Clichés of the Body: Beware laughs, smiles, and tears. Our characters’ movements and gestures work best when they pull us closer to their reality and into their quite particular personalities. Smiles can mean a thousand things—nervousness, happiness, greed, anger. In our stories, they mean nothing if the proper context has not been created. In the same vein, beware rolling eyes, rolling stomachs, racing hearts. Again, these have too many meanings on their own to speak specifically to our characters by themselves. Many times we write these “clichés of the body” into our early drafts as we’re still getting to know our characters and their stories. They hold a place for more deeply imagined descriptors. How might our specific character experience sorrow or anxiety? Can we think of something more character-related than weeping or stomach rolling? Maybe our character taps her watch face repetitively or pets her cat too much when she’s nervous. Maybe another character shows sorrow by refusing to make eye contact. Occasionally, often-clichéd gestures do the work they’re meant to do. In order to use them effectively, though, the scene must earn the reader’s full understanding of whatever emotion the character’s bodily signal intends to send. Often there are richer and better ways to do this than with the gestures we think of first.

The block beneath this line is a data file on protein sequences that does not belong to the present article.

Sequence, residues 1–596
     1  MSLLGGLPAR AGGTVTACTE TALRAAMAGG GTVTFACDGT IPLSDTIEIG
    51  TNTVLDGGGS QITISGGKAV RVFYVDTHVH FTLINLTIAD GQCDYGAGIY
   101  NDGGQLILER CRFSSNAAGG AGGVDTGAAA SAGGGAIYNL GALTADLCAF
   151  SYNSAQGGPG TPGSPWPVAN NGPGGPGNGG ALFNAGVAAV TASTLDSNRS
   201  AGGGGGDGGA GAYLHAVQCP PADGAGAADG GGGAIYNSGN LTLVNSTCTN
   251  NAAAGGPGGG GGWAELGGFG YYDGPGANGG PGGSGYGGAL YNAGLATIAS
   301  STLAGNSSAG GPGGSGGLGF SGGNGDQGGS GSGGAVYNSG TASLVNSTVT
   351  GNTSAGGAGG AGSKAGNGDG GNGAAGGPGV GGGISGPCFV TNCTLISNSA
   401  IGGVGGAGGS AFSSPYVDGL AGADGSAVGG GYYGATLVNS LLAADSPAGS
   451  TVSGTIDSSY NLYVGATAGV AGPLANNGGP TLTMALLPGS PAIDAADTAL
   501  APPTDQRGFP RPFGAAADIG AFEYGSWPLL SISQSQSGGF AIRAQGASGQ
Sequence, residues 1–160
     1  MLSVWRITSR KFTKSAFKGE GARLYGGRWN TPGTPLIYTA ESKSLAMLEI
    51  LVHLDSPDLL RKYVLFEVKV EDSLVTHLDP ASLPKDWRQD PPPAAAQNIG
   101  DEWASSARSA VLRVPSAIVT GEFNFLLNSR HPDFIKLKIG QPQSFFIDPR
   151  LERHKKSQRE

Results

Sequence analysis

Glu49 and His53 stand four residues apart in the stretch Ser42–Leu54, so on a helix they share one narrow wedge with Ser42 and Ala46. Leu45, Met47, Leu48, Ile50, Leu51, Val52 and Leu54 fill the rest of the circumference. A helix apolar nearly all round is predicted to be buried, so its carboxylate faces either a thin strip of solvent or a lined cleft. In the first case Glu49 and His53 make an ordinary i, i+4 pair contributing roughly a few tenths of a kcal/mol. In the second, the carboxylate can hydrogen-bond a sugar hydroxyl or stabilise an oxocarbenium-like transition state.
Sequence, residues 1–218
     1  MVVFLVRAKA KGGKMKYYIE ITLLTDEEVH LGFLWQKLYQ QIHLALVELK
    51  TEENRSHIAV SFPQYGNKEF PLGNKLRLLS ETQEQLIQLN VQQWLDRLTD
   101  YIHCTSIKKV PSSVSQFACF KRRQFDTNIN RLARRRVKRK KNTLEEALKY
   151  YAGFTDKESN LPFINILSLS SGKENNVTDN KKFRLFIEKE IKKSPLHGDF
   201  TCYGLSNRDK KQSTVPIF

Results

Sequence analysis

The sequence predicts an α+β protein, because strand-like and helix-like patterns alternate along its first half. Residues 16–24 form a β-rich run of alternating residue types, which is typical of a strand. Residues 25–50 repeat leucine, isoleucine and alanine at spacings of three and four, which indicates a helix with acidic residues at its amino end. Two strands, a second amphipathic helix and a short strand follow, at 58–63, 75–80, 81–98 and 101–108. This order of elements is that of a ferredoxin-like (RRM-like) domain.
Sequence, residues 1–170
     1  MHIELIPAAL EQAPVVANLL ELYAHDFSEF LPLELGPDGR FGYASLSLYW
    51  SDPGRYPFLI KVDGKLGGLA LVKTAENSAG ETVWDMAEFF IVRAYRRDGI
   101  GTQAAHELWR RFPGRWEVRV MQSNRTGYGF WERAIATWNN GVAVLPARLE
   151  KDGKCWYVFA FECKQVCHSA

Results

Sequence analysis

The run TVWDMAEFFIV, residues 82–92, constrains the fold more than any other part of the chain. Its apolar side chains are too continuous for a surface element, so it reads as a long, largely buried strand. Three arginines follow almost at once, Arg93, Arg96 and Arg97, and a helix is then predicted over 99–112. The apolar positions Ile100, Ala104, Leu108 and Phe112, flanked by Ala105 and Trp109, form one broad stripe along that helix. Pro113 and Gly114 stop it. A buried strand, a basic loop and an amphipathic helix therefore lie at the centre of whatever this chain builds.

Opportunities to Look Out the Eyeholes of Our Characters: Beware the unexamined secondary character. In one story I was revising, a police officer was searching for a teenage girl on a case of suspected arson. He was waiting at the kitchen table in the character’s father’s house when she finally walked in. Every time I reworked that scene, the officer popped up out of his chair, insisting on a spotlight. The problem was that the tension at that moment belonged to the main character. When I finally reimagined the scene through the police officer’s “eyeholes,” by metaphorically placing myself in his body and looking out and around, I realized there was no way he could exist in that space and time without behaving in a way that would overshadow the more important nuances of the scene. In order to keep the focus on my main character, I had to remove the police officer altogether.